Wednesday, June 27, 2012

Rev. War Pension Applications For JONES (part III)

The table to the right shows the migration ratios for the southern regions.  A total of 223 applicants were from the southern states.  Of these, 96 left their state of enlistment [1776-1781] to move to another state at the time of their pension application. [1832-1842]  Thus, 43% of the applicants moved to another area, leaving 57% to remain where they enlisted.

Folks seemed more likely to move out of NC (53%) as compared to GA at 20%.  On the whole, those who enlisted from the south, tended to remain in the south, although they had a change to migrate from their home state.  Only 15/223 (7%) moved from the south to the north.   They wanted to stay out of all that snow I guess.  At any rate, this again shows that folks who migrated, tended to stay in the area close to their state of enlistment.  This must have had to do with the travel arrangements of the time.

Sunday, June 17, 2012


This is the second blog to re-post my copyright notice.  All blogs are under this copyright, including photographs, maps, drawings, charts, and stories.

You may not use the contents of this site (blog and posts) for commercial purposes without explicit written permission from the author and blog owner.  Commercial purposes includes blogs with ads and income generation features, and/or blogs or sites using feed content as a replacement for original content.  Full content usage is not permitted.

Jerry E. Jones, MD, MS, The Jones Genealogist, Library of Congress No. 6192-01064476.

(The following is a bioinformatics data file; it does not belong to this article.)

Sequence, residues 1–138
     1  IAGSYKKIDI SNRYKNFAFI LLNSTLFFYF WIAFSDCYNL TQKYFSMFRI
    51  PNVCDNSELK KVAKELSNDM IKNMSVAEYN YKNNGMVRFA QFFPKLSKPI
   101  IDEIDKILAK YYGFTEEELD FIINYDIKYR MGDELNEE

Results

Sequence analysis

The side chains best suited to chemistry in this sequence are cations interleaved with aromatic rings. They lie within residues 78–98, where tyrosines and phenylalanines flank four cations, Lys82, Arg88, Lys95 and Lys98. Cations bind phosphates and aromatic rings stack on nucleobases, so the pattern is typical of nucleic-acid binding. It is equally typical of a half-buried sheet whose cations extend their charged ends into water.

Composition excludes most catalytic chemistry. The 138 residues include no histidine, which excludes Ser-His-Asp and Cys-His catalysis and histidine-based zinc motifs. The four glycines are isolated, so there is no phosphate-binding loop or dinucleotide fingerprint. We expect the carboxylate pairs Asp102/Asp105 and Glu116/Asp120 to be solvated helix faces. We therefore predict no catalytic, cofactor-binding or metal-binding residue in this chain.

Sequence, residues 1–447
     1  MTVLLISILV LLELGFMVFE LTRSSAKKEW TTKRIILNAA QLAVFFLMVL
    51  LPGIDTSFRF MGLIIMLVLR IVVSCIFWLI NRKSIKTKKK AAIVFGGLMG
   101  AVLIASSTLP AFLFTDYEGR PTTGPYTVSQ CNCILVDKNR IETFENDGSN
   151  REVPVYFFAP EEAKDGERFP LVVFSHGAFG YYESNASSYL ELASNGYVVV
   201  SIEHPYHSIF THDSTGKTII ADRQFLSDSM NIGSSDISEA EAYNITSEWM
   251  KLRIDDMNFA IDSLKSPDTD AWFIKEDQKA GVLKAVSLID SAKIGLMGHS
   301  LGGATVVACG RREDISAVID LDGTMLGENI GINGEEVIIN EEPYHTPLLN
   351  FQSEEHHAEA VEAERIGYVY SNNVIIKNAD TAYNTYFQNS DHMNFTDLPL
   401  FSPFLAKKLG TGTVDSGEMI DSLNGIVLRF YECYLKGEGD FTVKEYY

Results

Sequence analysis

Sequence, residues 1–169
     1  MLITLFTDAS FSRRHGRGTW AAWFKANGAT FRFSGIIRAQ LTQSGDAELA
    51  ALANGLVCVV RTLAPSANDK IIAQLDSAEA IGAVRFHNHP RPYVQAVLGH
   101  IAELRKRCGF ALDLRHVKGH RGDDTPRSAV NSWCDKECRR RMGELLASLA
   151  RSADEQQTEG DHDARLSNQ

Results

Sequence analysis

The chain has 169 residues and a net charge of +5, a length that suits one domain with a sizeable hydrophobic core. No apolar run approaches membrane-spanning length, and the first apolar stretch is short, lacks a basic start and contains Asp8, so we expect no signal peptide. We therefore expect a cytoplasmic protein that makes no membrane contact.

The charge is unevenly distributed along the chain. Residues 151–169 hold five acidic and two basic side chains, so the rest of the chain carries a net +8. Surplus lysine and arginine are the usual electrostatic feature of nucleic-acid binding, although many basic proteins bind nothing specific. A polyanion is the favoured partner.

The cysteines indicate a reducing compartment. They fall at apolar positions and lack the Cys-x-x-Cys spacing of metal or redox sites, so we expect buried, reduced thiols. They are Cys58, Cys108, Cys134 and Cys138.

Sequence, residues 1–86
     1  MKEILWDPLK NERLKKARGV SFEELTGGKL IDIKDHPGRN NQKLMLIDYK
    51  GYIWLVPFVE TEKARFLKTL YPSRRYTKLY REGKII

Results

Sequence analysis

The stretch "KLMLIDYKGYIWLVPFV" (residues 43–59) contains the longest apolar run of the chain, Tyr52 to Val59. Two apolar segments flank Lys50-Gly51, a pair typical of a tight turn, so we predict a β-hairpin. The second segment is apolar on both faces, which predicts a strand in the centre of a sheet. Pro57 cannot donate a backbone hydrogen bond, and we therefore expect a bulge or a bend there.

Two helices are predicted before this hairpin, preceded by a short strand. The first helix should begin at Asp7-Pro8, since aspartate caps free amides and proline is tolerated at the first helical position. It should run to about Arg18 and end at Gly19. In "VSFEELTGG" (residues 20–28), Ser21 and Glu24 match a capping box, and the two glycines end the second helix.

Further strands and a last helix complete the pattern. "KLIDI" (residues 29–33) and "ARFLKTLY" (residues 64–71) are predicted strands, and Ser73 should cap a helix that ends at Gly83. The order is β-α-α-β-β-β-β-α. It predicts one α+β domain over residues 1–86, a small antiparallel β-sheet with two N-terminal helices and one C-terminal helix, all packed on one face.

Monday, June 4, 2012

JONES Glamorgan 1515

The JONES surname appears in Wales over a period of some 100 years.  Of course, the surname starts its course in English records, not Welsh records. [Records written in English, not Welsh!]

The English legal records of Wales begin 1273, under the rule of Edward I.  As Wales became "more and more" under English control, the system of English surnames became the norm.  Their appearance in the county (legal) records give indirectly a history of this phenomena.  South Wales seems to start the JONES surname.  This most likely reflects the fact that South Wales came under control of Roman, Anglo-Saxon, and Norman control much easier (geographically) than other parts of this western land.

Glamorgan is the first Welsh county to show a JONES surname.  In the legal records 1515-1518, the name John Jones appears.  [File 421/ folio 72]  The map to the right shows the location of this Welsh county in relationship to the other Welsh counties since the Act of Union 1536.  Of course it had to be a John Jones.   Glamorgan was also the first county to have a JONES surname appear in 1496.

The next several post will show the chronology of the appearance of the JONES surname for Wales from around 1500 - 1700.   South Wales begins the story.